Last night I attended a Nathan Englander lecture at Northwestern. He was the inaugural speaker for the Renee and Lester Crown speaker series sponsored by the Crown Family Center for Jewish Studies (last night it was announced that due to a generous donation from the Crown Family, it will now be known as Crown Family Center for Jewish and Israeli Studies.) His most recent book is "What We Talk About When We Talk About Anne Frank."
As I eagerly awaited his talk, I listened to two college students behind me:
Boy: Oh, this is Nathan Englander who wrote the story we just read in class?
Girl: Yes, that Nathan Englander. I find his stories all kind of creepy in tone.
Girl: He is obsessed with the Holocaust.
Boy: That's a weird game to play.
Girl: I've definitely read Anne Frank and it inspired me to write a diary, but I never wondered where I'm going to hide when the Nazis come."
There's obviously some kind of generational disconnect: Englander during his rambling yet evocative talk (he was like a Woody Allen on steroids or hallucinogens) mentioned a British review of his most recent book that said, "It's absurd--for Jews in America to worry about the Holocaust." Englander said, "That was so British! All we talk about is the Holocaust and food!"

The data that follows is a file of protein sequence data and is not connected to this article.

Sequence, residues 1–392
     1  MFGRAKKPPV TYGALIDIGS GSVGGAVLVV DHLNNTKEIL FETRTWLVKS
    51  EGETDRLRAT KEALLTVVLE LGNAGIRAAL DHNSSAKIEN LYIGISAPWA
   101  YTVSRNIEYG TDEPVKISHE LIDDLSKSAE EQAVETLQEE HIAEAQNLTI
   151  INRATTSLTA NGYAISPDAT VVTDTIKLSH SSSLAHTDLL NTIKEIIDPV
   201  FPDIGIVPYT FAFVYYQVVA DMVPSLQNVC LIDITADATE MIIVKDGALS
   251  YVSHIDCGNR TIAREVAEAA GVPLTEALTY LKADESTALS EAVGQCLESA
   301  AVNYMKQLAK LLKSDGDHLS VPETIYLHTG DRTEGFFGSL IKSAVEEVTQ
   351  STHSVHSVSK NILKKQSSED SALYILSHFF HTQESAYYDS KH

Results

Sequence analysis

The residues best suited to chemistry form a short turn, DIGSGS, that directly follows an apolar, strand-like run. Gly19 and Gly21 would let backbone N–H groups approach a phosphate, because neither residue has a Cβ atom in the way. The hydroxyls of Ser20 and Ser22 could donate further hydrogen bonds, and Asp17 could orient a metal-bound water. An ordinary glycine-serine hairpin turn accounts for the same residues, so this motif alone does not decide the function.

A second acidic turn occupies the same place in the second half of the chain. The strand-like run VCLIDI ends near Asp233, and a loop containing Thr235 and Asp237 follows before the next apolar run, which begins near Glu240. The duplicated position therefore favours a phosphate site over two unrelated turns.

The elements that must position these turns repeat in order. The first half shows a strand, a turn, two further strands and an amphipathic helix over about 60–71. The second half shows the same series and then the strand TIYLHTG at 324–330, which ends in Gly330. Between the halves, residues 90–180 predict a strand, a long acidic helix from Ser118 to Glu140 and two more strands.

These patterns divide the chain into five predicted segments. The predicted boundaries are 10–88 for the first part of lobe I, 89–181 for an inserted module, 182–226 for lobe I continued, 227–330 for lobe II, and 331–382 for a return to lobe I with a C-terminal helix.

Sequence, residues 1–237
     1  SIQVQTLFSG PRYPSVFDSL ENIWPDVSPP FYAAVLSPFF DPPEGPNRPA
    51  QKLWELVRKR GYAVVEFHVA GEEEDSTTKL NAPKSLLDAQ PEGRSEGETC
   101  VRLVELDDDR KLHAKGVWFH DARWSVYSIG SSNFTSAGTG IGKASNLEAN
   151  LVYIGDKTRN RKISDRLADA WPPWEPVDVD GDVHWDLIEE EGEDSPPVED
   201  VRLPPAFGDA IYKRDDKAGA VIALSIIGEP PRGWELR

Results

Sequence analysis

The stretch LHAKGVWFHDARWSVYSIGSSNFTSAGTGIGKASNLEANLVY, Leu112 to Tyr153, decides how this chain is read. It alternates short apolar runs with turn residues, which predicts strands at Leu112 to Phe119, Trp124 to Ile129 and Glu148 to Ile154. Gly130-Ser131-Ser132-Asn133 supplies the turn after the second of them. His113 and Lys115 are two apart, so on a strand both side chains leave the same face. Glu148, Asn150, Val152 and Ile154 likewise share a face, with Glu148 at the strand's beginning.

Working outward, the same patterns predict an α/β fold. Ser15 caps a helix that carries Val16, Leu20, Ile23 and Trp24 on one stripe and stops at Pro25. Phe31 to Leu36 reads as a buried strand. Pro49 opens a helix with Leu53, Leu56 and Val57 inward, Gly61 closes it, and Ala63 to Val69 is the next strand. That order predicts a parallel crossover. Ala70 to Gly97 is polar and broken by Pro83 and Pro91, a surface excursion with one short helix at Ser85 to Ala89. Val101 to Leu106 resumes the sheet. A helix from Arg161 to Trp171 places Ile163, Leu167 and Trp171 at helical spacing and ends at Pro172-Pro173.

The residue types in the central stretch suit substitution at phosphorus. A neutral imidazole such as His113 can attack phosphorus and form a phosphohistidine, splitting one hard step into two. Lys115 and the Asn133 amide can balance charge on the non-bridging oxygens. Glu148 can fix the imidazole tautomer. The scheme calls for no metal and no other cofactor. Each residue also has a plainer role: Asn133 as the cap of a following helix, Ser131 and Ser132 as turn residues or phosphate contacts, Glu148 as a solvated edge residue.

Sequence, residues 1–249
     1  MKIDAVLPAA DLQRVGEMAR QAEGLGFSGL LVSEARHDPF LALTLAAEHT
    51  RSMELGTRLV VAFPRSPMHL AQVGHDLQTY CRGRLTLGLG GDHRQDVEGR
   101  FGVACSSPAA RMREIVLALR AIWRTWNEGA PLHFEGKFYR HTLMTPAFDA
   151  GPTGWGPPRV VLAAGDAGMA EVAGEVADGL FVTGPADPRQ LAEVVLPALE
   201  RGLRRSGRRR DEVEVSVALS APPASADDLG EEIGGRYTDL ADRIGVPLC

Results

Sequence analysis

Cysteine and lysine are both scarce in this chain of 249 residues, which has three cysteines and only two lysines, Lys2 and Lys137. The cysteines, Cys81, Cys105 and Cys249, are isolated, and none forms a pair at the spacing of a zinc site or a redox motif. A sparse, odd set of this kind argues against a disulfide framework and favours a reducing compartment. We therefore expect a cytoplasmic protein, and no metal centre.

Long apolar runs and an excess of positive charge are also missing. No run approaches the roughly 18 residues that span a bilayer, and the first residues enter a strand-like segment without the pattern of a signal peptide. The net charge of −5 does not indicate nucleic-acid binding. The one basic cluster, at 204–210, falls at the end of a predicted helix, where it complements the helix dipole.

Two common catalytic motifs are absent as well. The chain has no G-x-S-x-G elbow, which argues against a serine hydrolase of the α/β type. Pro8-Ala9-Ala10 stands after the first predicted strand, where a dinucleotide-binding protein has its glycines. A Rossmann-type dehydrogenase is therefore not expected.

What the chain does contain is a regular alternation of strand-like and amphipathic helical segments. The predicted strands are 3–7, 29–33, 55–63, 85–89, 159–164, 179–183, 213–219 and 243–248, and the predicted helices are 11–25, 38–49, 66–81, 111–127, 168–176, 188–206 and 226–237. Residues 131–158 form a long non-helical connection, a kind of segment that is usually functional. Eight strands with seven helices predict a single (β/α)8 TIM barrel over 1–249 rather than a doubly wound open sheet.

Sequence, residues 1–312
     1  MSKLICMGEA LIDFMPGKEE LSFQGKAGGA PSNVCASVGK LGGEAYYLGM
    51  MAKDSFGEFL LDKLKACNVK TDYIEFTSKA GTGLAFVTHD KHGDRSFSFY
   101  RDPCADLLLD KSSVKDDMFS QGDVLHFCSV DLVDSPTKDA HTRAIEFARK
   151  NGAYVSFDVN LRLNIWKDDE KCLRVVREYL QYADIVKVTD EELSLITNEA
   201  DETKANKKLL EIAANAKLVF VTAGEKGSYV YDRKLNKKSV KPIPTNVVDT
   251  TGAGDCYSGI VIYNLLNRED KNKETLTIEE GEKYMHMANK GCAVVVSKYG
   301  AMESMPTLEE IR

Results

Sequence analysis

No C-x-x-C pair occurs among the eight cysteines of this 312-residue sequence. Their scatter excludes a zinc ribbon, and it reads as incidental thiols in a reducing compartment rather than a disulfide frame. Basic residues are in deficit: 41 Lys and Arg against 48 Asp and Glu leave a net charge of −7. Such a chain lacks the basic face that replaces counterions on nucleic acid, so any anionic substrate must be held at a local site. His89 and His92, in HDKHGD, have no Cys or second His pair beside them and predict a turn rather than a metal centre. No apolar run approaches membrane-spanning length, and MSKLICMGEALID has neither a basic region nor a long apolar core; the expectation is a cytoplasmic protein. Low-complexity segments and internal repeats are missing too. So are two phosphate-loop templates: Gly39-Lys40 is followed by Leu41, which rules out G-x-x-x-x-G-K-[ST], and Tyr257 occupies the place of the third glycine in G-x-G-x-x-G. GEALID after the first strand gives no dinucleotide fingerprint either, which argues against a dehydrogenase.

I think it's the Jewish "shtetl" on Long Island that Englander grew up in and then disavowed (but now writes about even when he is not directly writing about it) that talks all the time about the Holocaust and food, not the young Jewish college students like those behind me last night who think of the Holocaust as something that happened a lifetime ago and that they have no connection to.
To be fair, Englander knows he is treading a fine line. He joked at the end of his talk that his goal for his unborn children is for them to be fluent in reading Torah and doing a "'drash" and yet at the same time to be "anti-organized religion." And yet it is in holding these seemingly irreconcilable polar positions at the same time within one's mind that is the seed of creating fiction. Indeed he said that it was exploring the idea that the most glorious times for Jews in history were preceded by tragic times, the act of "holding both these things at the same time" in his brain, that led to the shaping of his book.